The application of stem cells for regeneration of auditory sensory cells

Abstract: The cochlear sensory hair cells and auditory neurons are susceptible to a range of insults which causes their irreversible damage and loss, resulting in hearing loss. We are interested in the application of human pluripotent stem cells to reverse damage to these sensory cell types and thus preserve or restore hearing. This paper will describe two of our key research projects involving in vitro hair cell differentiation for disease modelling and in vivo application of stem cell-derived neurons to the deaf cochlea.  Recent experimentation deriving inner ear hair cells from organoids has illustrated that functional inner ear phenotypes can be produced in vitro. We have characterised these hair cell phenotypes using micro-CT, helium microscopy and patch clamp electrophysiology. The described model can be utilised to further interrogate normal hair cell development and differentiation, but also pathological hair cell function for disease modelling applications. In addition, we have developed a novel in vivo model to better quantify functional improvements when stem cell-derived sensory neurons are combined with cochlear implantation in the deaf mammalian cochlea. This new focal lesion model allows us to test the functional and tonotopic integration of stem cell-derived neurons into existing circuitry, thus addressing a critical step for all neural stem cell therapy more generally. Whilst currently in the basic research phase, our experimentation is designed to be directly applicable in the clinic, with an emphasis on providing patient-matched stem cells for either disease modelling or for surgical transplantation.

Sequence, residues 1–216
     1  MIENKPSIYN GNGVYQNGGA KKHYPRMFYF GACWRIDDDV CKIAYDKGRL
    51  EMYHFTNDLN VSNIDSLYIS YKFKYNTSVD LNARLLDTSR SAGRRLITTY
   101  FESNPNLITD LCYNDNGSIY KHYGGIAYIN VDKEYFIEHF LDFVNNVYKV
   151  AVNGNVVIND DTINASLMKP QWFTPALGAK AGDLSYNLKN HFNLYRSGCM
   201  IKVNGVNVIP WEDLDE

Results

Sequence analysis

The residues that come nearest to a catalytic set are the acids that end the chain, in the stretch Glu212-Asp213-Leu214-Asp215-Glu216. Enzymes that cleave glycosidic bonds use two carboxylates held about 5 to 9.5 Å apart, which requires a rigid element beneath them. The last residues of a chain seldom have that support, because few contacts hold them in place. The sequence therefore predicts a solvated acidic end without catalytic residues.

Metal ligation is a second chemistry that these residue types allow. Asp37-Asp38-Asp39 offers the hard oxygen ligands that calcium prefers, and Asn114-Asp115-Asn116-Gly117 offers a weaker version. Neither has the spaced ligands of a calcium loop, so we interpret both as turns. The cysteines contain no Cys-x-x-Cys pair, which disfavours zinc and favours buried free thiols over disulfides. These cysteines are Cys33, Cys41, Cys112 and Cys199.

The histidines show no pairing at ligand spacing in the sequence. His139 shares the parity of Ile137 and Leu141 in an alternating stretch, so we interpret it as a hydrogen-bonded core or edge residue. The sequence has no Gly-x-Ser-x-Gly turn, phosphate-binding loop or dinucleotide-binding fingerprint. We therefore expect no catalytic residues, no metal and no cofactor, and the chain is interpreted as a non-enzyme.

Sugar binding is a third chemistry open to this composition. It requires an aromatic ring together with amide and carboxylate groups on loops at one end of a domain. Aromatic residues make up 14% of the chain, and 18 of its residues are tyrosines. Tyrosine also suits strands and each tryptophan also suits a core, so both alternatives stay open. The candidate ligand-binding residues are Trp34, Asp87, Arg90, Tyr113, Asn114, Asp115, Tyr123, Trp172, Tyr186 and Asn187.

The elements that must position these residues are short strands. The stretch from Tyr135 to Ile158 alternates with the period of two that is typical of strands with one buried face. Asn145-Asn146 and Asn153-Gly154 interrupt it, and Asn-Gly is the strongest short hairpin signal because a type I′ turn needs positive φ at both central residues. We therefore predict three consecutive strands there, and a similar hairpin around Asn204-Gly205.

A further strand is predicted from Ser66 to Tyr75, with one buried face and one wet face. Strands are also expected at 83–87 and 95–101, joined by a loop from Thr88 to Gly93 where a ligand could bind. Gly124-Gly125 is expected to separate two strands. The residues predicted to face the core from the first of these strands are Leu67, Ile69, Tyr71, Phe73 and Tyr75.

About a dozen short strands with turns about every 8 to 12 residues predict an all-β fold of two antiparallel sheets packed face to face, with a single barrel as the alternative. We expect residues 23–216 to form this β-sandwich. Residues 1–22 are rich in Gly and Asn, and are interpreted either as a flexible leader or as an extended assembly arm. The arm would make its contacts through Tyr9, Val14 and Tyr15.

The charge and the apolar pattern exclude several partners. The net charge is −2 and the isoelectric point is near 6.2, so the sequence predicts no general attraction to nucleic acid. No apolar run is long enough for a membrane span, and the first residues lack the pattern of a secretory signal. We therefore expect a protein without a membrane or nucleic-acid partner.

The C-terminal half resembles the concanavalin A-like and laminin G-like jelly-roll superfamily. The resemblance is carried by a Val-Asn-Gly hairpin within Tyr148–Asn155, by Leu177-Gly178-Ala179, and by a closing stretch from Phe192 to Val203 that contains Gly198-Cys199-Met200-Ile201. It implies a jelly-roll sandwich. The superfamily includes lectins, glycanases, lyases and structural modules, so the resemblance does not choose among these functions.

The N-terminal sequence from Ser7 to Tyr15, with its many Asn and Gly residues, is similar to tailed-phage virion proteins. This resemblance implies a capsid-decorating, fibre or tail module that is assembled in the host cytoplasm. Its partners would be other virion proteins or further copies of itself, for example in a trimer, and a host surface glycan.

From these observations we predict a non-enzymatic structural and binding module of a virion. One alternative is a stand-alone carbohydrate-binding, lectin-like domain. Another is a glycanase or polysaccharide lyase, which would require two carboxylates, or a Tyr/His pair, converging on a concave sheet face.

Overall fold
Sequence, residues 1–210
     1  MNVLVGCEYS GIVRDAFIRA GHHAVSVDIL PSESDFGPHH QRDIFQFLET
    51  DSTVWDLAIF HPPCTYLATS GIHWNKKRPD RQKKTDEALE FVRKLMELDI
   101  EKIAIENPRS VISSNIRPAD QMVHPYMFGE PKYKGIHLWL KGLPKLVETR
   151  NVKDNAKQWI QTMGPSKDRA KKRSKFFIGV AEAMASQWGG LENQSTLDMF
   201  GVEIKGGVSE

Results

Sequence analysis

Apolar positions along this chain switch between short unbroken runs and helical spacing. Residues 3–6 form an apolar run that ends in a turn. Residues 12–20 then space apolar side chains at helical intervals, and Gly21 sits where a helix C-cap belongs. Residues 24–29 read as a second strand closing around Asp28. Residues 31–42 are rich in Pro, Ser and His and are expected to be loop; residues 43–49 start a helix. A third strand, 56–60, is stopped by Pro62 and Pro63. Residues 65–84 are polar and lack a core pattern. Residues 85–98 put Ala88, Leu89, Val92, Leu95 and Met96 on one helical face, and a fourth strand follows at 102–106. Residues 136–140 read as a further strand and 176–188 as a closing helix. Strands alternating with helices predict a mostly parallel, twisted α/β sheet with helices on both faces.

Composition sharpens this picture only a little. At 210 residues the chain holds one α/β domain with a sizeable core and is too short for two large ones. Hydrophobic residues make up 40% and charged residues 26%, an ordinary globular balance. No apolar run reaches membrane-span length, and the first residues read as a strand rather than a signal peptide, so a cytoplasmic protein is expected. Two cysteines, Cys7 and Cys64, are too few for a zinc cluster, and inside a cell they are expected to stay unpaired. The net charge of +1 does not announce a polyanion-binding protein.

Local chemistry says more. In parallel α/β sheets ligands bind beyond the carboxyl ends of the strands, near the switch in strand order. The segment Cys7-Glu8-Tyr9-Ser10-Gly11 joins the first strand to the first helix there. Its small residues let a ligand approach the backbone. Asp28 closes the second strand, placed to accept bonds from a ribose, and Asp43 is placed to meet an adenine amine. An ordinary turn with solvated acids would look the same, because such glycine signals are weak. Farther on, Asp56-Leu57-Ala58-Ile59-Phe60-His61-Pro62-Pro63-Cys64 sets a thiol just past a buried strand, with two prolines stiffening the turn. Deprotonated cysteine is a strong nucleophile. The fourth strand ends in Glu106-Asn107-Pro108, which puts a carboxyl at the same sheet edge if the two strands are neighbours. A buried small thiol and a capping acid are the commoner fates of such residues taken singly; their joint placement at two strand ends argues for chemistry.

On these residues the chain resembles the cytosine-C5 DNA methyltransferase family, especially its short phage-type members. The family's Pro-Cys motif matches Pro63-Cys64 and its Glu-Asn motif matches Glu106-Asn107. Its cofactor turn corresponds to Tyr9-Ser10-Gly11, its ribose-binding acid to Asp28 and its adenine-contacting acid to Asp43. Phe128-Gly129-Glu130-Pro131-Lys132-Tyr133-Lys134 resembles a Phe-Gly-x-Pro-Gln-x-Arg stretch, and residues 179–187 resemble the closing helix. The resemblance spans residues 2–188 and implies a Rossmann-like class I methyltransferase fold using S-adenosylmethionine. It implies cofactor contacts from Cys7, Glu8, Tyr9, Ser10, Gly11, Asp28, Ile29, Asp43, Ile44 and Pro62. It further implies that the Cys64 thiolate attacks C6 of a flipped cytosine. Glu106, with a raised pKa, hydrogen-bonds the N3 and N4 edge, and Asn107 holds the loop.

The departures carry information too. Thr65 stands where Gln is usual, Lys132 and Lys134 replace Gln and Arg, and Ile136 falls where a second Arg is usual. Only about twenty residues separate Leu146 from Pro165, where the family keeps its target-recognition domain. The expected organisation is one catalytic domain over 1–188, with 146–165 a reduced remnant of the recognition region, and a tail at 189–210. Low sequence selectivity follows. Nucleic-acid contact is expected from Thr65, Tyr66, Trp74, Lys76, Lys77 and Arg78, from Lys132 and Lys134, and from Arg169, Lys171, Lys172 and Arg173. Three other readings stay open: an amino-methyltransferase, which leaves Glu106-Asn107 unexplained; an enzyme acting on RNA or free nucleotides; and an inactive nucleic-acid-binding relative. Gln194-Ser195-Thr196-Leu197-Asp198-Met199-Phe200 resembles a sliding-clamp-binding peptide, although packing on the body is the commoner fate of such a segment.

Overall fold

Biography: Bryony Nayagam undertook her PhD with Professor Rob Shepherd at the Bionic Ear Institute in Melbourne (2003-2006), where she examined the potential of stem cells to provide replacement neurons to the deaf mammalian cochlea. She went on to study with Prof Albert Edge (Eaton Peabody Lab, Boston) and Prof David Ryugo (Johns Hopkins University, Baltimore) as part of a Victoria Fellowship awarded in 2007. Bryony has been an Honorary Research Fellow at the Institute for the last 10 years and currently holds a Garnett Passe and Rodney Williams Memorial Foundation Research Fellowship. Her main interests lie in stem cell, gene and regenerative therapies for hearing restoration, with an emphasis on whether transplanted stem cells can rewire functional circuits.

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